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Cherish those winter blooms; spring and its blooms are here

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By Staff Brunswick Beacon

We are finally getting some warm and sunny weather and spring is here at last. This past winter had especially long periods of grey and chilly days; but the large variety of plants that bloom during the winter here in Zone 8 kept my spirit up. I enjoyed their colors and fragrance so much during the dreary days of winter that I vowed to spend more time this year adding more winter bloomers to my gardens.

For some instant color in the garden and flowerbeds, plant pretty pansies, violas, snapdragons, Dianthus, calendulas, or ornamental cabbages. You should find these cool weather lovers in your local nursery or garden center in six-packs or small individual pots. All of these will do fine during the cooler fall and winter weather in Zone 8. Plant parsley, cilantro and dill in the herb garden. All of these will grow from seed, or you can purchase parsley and cilantro plants from the nursery. Dill does not transplant well, so it’s best to always grow it from seed. These herbs will grow throughout the cool weather, and begin to bloom in the warm days of spring.

Camellia

Camellia reticulate is a broadleaf evergreen in the Theaceae plant family that does well here in Zones 8 when planted in partly shady positions with acidic, moist soils. There are many varieties of camellias with bloom periods that go from October through March. I have been collecting different camellias trying to attain a constant bloom period over the winter and I am almost there.

For more information of the many types of camellia go to: http://www.hometips.com/buying-guides/camellias-types.html.

Winterhazel

Corylopsis spicata takes full to part sun and has sweet scented, bell-shaped flowers that appear in dangling clusters late winter or very early spring. Layer bulbs that bloom in early spring such as snowbells and crocus bulbs under your winter hazel for a beautiful late winter/early spring show.

Winter Honeysuckle

Winter honeysuckle likes to grow in dry to not-to-wet soil that drains well in full-sun to partial shade. This winter blooming shrub will grow to 8 feet tall with slightly arching stems if not pruned and is semi-evergreen.

As with other honeysuckle plants, the winter honeysuckle has highly fragrant flowers that appear as tiny white, or cream-colored blooms in late winter. The winter honeysuckle also produces attractive red berries making it a great plant for year-round interest. Another common name for this shrub is breath of spring. You can prune after flowering to control size.

Daphne

Daphne odora has creamy-white, pink, or yellow fragrant blooms that open in late winter and persist well into spring. This shrub should be planted in slightly moist soil that is well drained. A sunny to lightly shaded area of the garden is best. Mature size is approximately 4 feet tall and wide. Shrubs can be short lived. Some parts of plant may be poisonous. It is easy to take hard cuttings to make new plants and I recommend you do this to ensure always having Daphne in your garden.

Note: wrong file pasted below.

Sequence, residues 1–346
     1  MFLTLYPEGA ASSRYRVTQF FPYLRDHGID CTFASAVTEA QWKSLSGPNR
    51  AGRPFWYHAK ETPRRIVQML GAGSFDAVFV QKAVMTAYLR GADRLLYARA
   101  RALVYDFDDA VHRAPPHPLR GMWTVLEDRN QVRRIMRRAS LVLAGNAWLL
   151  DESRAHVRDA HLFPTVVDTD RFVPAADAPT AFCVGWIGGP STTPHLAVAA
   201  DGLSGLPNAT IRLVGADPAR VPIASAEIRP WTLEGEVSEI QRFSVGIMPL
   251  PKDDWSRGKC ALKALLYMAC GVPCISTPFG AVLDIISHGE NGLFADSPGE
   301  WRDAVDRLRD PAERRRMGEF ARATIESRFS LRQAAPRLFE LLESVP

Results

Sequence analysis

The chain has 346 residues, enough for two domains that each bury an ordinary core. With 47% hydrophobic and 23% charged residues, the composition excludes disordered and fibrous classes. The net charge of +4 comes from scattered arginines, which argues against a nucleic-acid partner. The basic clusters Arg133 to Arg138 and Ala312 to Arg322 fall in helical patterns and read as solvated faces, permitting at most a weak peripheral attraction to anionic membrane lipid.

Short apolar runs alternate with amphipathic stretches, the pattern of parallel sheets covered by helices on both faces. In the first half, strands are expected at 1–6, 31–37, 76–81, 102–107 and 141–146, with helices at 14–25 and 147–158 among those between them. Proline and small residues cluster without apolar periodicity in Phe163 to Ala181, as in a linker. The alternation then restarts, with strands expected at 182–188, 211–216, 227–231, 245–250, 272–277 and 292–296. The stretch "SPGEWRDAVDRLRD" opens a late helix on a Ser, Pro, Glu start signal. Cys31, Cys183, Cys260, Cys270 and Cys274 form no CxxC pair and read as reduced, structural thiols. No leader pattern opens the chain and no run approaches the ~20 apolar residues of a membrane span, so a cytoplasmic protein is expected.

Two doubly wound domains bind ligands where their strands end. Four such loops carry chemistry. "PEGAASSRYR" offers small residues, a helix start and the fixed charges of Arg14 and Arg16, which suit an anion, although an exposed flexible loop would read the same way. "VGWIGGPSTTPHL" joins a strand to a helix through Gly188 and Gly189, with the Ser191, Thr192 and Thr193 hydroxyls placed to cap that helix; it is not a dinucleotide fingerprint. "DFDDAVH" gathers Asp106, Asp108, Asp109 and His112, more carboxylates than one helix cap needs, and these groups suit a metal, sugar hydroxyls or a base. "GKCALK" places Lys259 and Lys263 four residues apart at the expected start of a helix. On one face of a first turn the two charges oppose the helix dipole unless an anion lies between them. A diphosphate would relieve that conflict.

Laurustinus viburnum

Viburnum tinus produces waxy, fragrant white flowers that open from pink buds in late winter and early spring. Some cultivars bloom in summer and continue blooming through the winter. This shrub likes part sun to shade in fertile, moist, well-drained soil.

Primrose Jasmine

Jasminum mesnyi is an evergreen shrub that takes full to part sun and needs regular watering. The primrose jasmine has a loose, open growth habit with long arching stems that grow to 8 feet long. Beautiful yellow flowers appear in the winter and are very attractive looking but not fragrant. Some gardeners tie the primrose jasmine to the desired height and let the branches then cascade back down adding winter interest to the garden. Prune the primrose jasmine as needed for tidiness.

Hellebore

Helleborus orientalis is an herbaceous perennial also known by the name, “Christmas Rose.” This clump-forming plant reaches 12-18 inches in both height and spread and produces red to purple flowers with bright yellow center stamens in December and January. Hellebores prefer humus-laden, rich soils in partially to fully shady positions. The roots, leaves and stems contain toxins. Deer do not like Hellebores.

Wintersweet

Chimonanthus praecox is hardy to zero degrees. These deciduous shrubs prefer full to part sun and are semi-drought tolerant once established. In late winter, the wintersweet blooms on bare branches with aromatic flowers. These spicy scented winter flowers make a great addition to a fragrance garden and flower arrangers can cut the branches to add to winter indoor floral designs. Provide wintersweet with good drainage and prune lightly to control the leggy growth.

Other plants of winter interest are: Snow Crocus, Chinese fringe-flowers (Loropetalum Chinese), Flowering Quince (Chaenomeles speciosa), Paper bush (Edgeworthia chrysantha), Silk-tassel Bush (Garrya elliptica), as well as some more that I haven’t come across as yet. We are fortunate to live in a place where we do have a true winter season, but with many flowering plants to beautify and sweeten the process.

Send your gardening questions or comments to: Brunswick County Master Gardener Column, P.O. Box 109, Bolivia, NC 28422, or call 253-2610. Answers may be printed in this column.